Tag:

Spirit

A Sermon Preached by Joseph Philpot at Providence Chapel, Eden Street, London, on Tuesday Evening, July 6, 1847

“Abide in me, and I in you. As the branch cannot bear fruit of itself, except it abide in the vine; no more can ye, except ye abide in me.” John 15:4

Have you ever considered the experience of the disciples when their Lord and Master was sojourning here below? To my mind, there is something very instructive, and, I may add, very encouraging in it.

On the one hand, observe how ignorant they were of the nature of Christ’s kingdom! Two of the most eminent of them besought him that they might sit, the one on his right hand, and the other on his left, in his glory. What ignorance did that request imply of the nature of his spiritual kingdom, as if there were a right and a left hand there! Observe, too, their unbelief. How continually the Lord had to chide them! “Where is your faith?” and “O ye of little faith!” Remark also, their carnality and worldly-mindedness. How, on one occasion, two of them asked their Master that fire might come down from heaven to destroy his enemies! and how, at the very first onset of danger, “they all forsook him and fled!” It is, to my mind, very instructive and encouraging, thus to see their weakness, ignorance, and unbelief.

We have taken a hasty glance at the dark side of the question; we have traced out what they were in self. Let us now take another view of their character, and mark something of the…

Continue reading

A man that is regenerate, consisteth of two men (as a man may say), namely of “the old man,” and of “the new man.” “The old man” is like to a mighty giant, such a one as was Goliath; for his brith is now perfect. But “the new man” is like unto a little child, such a one as was David; for his birth is not perfect until the day of his general resurrection.

“The old man” therefore is more stronger, lusty, and stirring than is “the new man,” because the birth of “the new man” is but begun now, and “the old man” is perfectly born. And as “the old man” is more stirring, lusty, and stronger than “the new man;” so is the nature of him clean contrary to the nature of “the new man,” as being earthly and corrupt with…

Continue reading

As it is difficult to understand that nature which belongs to each of God’s creatures, so there is a mystery about the nature of God, the Creator of heaven and earth.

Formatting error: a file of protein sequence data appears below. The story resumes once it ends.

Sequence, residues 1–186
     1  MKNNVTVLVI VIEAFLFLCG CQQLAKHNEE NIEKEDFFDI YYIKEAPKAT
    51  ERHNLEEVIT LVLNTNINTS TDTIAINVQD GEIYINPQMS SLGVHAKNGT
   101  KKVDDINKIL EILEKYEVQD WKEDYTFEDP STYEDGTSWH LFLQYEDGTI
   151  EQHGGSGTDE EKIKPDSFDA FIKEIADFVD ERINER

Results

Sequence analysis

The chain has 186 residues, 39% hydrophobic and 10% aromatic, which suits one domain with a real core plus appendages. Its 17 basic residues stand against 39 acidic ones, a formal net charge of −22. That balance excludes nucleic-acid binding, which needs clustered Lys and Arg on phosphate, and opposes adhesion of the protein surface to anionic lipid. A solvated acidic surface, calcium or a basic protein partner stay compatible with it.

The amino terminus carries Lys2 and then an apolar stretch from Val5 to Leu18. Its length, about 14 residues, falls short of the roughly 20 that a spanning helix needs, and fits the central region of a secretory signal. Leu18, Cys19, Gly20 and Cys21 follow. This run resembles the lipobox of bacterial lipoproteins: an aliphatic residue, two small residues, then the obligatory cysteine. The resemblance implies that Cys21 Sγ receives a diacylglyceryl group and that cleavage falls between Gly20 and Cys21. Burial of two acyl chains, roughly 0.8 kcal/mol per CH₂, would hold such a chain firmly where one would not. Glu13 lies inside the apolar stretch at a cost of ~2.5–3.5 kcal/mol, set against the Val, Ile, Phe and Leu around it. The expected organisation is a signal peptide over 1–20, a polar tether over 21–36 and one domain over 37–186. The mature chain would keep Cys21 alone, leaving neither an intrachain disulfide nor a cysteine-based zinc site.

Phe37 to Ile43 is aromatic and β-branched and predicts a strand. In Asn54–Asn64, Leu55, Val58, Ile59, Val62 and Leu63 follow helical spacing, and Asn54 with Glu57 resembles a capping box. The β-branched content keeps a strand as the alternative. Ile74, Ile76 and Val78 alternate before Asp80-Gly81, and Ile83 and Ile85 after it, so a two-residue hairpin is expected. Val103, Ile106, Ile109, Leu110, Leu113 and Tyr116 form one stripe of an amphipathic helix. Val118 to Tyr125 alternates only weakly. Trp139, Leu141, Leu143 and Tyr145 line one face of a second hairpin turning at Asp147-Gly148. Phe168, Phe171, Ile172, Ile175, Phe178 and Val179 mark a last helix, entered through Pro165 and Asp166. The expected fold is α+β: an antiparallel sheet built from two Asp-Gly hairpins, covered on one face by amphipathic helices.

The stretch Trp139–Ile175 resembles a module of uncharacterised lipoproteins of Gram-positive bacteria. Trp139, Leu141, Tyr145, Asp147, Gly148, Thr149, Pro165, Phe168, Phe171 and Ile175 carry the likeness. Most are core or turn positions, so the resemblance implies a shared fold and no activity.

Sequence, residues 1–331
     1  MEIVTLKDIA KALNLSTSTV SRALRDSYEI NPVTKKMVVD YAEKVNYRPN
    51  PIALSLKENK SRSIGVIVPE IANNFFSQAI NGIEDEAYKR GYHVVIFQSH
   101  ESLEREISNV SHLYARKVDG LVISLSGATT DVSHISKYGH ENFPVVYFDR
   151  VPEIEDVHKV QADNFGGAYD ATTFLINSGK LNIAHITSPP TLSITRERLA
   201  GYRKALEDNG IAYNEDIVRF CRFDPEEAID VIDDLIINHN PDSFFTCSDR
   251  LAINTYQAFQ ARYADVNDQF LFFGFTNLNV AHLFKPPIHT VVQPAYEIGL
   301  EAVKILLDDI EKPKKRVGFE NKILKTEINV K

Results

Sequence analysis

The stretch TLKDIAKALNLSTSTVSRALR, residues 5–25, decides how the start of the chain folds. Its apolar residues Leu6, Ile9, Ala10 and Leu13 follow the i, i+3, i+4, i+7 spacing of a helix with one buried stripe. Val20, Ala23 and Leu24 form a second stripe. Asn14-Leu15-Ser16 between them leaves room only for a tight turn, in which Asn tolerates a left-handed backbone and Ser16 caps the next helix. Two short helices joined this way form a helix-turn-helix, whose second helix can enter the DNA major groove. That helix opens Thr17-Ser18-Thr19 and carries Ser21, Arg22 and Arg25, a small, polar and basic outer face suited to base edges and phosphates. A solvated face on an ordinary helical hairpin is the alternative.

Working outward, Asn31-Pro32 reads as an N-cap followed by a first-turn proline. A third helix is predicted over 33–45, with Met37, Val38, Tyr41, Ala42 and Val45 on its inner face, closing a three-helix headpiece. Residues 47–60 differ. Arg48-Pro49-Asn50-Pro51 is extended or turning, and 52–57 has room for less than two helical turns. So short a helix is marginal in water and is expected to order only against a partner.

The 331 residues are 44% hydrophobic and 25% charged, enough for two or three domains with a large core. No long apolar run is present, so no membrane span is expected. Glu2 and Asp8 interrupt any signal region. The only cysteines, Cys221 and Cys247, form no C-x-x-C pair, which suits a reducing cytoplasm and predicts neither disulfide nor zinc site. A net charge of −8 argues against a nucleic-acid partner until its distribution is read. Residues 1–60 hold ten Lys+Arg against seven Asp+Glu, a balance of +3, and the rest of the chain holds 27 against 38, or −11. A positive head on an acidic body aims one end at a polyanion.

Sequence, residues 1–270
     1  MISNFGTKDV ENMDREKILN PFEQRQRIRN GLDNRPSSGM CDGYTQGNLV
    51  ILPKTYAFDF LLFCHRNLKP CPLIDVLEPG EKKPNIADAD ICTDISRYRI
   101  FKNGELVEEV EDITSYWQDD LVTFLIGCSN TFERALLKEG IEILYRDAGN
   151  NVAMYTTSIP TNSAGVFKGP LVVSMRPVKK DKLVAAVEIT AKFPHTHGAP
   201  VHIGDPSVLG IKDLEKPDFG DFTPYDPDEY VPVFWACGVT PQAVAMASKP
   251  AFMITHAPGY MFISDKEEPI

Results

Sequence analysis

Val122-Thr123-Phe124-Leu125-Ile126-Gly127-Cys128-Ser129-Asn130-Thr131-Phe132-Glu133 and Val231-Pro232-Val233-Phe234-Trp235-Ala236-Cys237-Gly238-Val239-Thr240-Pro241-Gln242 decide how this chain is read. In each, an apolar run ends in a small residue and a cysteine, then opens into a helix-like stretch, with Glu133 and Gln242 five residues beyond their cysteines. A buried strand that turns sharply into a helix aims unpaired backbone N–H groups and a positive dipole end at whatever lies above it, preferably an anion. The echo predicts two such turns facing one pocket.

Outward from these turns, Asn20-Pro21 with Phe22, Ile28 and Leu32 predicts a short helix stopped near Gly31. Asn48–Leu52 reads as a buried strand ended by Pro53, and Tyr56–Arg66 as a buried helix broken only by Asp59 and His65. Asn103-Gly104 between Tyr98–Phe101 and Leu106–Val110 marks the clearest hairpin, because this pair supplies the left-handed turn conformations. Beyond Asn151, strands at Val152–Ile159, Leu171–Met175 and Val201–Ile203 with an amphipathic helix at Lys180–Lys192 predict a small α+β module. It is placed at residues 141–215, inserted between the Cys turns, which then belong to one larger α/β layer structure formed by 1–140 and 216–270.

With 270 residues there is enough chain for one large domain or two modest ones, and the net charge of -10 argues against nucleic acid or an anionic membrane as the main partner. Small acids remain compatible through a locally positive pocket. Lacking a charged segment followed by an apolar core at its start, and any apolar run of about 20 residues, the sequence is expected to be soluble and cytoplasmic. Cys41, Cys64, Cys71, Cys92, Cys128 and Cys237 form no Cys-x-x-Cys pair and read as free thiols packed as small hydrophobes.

1. Indirect Inferences that there is a Nature in God.

That a “Nature” may be predicated of God is inferred by the Apostle Paul in Galatians 4:8, where these Christians are described, prior to their conversion, as serving idols, who “by nature, were no gods”—as these false gods were assumed to have a nature, so the one true and living God must have a Nature. A similar inference is made by the Apostle Peter in…

Continue reading

As there are three distinct Persons who are the one God, there must be something which distinguishes them from each other. Let it be stated from the outset, that the distinction between the three Persons is not merely nominal or modal. For instance, the Sabellians believe God is one Person, having but three names, or modes of expression. However, if this were true, then there is actually no distinction at all between the Father, Son and Spirit. Just as a man with three names is no more distinguished by one than the other, so if the three Persons are merely names by which God is identified, He is no more distinguished by one than the other.

Rather, the distinction between the three Persons in the Godhead is real and personal. The three Persons are not merely three modes, but three distinct Persons in a different mode of subsisting. They are distinct from each other, so that the Father is not the Son, nor the Son the Father, nor the Holy Spirit either the Father or the Son. (1) As God is a spirit, and therefore indivisible in His Being, so the fulness of the Godhead is…

Continue reading

Having considered the distinct personality and deity of the Father and of the Son, attention is now given to that of the Holy Spirit.

I. The Personality of the Holy Spirit.

1. The Holy Spirit is a Real Person.

That the Holy Spirit is a Person, and not a mere name, power or attribute of God, appears most evident under the following heads:

(1) Affirmed by Formal Definition.

Personality has been defined by some as, “An individual that subsists, is living, intelligent, is not sustained by another, nor is a part of another.” If this statement be accepted as a formal definition of a person, then it is true of each of the three Persons in the Godhead—Father, Son and Spirit. Of particular note, we shall consider the personality of the Holy Spirit: (1) “An individual…”—He is an individual, distinct, though not separate from the divine nature, which He has in common with the Father and the Son; (2) “…that subsists…”—He subsists of Himself in that nature…

Continue reading

Copyright © 2019, The Association of Historic Baptists